I’ve been a model for 13 years. In my work, it’s not uncommon to hear someone on set mumbling, “we’re not saving lives here.” The rat race of making money to spend money had been eating away at me for a while and I longed for a higher sense of purpose and fulfillment. You know that feeling when you want to feel more, do more, be more? Well, I found that feeling while volunteering in Zambia with a community outreach and education program run by Game Rangers International (GRI). Jeni Jack, who heads the program, showed me her world of making a difference and changing the lives of other women.
The evening before I left for a multi-month volunteering adventure with GRI, my mom and I stumbled across Days for Girls online. Days for Girls is a grassroots NGO that strives to create a more dignified, free, and educated world through access to reusable feminine hygiene solutions. I wanted to take something with me on my trip that I could teach in the schools or to women’s groups, and the feminine hygiene kits powered by Days for Girls couldn’t have been a better fit.
Traditionally, women in Zambian communities use folded fabric or cotton wool flattened into their underwear to manage their periods. These simple, unhygienic, and inefficient feminine care products often lead to girls to miss up to five days of school per month to tend to their periods. Moreover, the cultural taboo surrounding periods had kept women quiet on the topic, and prevented them from finding better solutions. That’s where Days for Girls comes in! The initiative teaches women to construct kits consisting of reusable menstrual pads and liners that can be washed and reused for up to three years, and dry quickly so that girls can reuse the same products multiple times in one period. The organization also provides a curriculum for health education within local communities.
Jeni and I debuted the Days for Girls kits with a women’s group in the Mukambi Community (AZIMAI), situated in the heart of the Kafue National Park. Since my mom was a designer and seamstress, I enlisted her to make a sample and downloaded all the patterns and information on how to sew the kits from their website. As we explained the project to the women in the community and showed them finished products in the kits, the level of energy and excitement in the room was palpable.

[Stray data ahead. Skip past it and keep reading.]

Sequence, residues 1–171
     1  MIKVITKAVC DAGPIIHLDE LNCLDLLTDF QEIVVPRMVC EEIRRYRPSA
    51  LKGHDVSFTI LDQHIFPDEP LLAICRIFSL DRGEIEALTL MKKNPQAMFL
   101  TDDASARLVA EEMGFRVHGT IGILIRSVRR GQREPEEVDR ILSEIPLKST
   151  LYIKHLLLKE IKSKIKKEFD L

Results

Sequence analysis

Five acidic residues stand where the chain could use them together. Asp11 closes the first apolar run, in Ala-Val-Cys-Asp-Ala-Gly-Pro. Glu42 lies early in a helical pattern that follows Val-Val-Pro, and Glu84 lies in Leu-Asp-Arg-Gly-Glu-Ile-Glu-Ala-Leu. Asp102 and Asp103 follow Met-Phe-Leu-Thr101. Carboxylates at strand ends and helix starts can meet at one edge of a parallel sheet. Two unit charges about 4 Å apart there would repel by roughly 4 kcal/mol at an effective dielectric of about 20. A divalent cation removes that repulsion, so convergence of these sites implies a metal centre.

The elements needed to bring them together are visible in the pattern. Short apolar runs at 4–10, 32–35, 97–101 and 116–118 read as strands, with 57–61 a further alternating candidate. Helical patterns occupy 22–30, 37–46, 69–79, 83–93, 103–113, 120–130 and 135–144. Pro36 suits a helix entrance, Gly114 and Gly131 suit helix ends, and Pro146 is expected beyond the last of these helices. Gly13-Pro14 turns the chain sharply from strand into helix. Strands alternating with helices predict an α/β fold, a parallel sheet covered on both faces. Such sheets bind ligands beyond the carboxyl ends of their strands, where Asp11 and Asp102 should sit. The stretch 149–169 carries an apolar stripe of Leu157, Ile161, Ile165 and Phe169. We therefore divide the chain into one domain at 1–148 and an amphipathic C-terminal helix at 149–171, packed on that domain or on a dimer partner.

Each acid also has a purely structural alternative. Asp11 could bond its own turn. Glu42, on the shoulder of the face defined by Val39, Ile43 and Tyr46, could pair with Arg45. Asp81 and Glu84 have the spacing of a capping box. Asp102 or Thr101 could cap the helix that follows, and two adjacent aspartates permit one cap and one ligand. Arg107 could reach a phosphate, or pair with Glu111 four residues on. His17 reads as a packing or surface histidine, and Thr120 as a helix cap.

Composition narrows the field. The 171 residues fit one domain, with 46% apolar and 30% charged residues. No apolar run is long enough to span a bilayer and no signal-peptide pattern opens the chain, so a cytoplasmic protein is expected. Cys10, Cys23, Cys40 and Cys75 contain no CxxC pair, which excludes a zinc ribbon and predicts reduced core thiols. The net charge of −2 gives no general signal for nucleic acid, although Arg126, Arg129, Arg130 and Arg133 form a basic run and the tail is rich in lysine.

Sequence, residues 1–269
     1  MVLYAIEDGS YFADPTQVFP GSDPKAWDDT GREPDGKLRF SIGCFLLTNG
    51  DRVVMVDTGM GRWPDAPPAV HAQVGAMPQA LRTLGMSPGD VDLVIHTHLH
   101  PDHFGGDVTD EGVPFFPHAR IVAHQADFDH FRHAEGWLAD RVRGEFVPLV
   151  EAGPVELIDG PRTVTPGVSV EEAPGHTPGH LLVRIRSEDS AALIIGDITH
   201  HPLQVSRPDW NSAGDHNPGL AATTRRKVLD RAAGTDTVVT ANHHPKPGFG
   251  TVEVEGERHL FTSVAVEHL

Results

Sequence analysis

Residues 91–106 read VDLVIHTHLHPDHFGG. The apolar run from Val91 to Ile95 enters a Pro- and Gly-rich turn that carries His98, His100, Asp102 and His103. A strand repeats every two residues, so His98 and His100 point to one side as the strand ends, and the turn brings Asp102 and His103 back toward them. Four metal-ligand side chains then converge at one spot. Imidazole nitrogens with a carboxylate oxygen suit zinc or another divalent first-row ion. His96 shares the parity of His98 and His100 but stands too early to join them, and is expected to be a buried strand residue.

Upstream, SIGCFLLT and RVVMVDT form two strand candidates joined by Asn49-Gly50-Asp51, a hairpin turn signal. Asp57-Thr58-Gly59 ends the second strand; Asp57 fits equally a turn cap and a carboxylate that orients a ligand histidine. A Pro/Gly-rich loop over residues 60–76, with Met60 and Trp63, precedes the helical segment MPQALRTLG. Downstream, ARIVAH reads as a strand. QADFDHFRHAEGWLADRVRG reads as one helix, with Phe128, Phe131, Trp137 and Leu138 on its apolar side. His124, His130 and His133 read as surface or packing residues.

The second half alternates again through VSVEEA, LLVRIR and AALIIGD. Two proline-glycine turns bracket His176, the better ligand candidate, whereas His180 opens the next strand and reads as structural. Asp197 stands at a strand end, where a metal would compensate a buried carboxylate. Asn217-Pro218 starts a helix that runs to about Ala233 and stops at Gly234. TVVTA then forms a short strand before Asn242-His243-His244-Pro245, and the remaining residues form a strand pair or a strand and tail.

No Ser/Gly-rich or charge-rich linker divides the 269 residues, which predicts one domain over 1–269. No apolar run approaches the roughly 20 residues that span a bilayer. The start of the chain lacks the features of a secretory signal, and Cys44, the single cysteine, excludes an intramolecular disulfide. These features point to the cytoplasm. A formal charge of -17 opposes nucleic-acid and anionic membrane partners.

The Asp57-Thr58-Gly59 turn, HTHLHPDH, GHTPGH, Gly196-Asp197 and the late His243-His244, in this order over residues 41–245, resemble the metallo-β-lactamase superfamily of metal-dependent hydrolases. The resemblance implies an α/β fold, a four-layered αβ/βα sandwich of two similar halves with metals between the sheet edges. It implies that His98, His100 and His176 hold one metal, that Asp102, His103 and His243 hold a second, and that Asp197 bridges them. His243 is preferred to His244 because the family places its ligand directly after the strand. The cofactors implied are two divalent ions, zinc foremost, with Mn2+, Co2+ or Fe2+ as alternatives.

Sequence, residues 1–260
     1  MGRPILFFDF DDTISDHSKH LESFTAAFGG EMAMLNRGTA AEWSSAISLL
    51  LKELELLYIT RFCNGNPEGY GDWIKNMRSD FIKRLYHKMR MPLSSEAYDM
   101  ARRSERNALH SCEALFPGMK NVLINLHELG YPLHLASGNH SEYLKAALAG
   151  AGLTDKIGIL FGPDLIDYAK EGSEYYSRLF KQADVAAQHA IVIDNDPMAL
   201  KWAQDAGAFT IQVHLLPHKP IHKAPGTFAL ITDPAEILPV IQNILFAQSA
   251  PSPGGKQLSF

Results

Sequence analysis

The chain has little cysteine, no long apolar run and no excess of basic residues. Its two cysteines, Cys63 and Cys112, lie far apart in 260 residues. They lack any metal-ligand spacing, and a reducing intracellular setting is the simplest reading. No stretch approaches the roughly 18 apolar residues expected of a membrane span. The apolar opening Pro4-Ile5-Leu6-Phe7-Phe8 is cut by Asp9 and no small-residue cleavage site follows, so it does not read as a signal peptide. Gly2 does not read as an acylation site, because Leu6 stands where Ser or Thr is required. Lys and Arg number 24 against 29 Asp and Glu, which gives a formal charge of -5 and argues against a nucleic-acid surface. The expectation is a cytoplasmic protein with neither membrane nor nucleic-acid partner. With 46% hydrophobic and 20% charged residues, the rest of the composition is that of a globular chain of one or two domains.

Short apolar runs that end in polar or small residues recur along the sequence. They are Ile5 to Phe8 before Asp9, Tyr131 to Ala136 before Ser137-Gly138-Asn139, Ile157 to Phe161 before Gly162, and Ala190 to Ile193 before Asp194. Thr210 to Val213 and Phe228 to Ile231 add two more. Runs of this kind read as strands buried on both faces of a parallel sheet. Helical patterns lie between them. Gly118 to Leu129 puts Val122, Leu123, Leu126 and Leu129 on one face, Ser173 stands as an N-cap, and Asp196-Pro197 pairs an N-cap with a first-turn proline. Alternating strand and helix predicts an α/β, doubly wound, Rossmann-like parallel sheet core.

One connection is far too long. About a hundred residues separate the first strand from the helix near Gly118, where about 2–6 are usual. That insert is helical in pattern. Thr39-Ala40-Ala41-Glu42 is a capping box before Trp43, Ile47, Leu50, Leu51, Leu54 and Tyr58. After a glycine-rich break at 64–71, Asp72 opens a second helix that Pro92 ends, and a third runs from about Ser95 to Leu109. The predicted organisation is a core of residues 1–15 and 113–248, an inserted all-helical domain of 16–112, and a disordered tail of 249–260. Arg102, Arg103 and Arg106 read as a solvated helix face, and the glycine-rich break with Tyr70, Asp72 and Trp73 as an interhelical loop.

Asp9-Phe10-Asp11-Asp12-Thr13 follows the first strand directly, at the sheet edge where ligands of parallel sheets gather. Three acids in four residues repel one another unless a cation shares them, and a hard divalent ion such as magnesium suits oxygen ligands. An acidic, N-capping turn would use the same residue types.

Luckily, one of leaders in the group, Mabel, is a highly proficient seamstress, and picked up the patterns and design straight away. The very next day, the ladies were gathered under the trees with Mabel delegating and teaching the other women how to create the reusable menstrual pads contained in the kit. Overnight, a full assembly line of cutting and sewing was already taking place.
When I spoke to the women about their past period experiences, I got a better understanding of just how expensive and difficult it is to get sanitary pads. In rural communities in Zambia the average salary is K800 while a package of 8 sanitary napkins costs around K150, even assuming a woman in the AZIMAI community could afford pads, she’d have to travel two hours into the nearest town to get them. Moreover, girls are not taught about menstruation in schools. It’s common for girls to try to hide their periods — even from their families — out of embarrassment.
The AZIMAI women’s group main goal is to create a sense of empowerment and to become self-sufficient earners within their households. When Jeni and I told Days for Girls about our success in the AZIMAI community and the enthusiastic reception of their kits, they offered us a chance to turn this small women’s group in the middle of Zambia into a micro-enterprise, sewing kits to create a self-supporting business that services nearby communities. Doing so would allow many more women and girls in Zambia to receive reusable menstrual kits and, in turn allow for uninterrupted work and school days, and wider spread education. These women would also know for the first time in their lives what it’s like to earn their own money.
It’s hard to even imagine putting my day-to-day life on hold because of my menstrual cycle. It reinforces how very fortunate I am to have always had access to feminine hygiene, but that’s not the case in many parts of the world. Women in Zambia are strong and driven, but oftentimes their periods prevented them from pursuing a formal education and kept them out of the workforce for a portion of every month. Thanks to this project, women in the AZIMAI community can use their menstrual kits for up to three years, and have found an amazing new enterprise educating peers about menstrual and sexual health and creating kits to provide to other communities.
Please do check out LOLA - where my article originally appeared.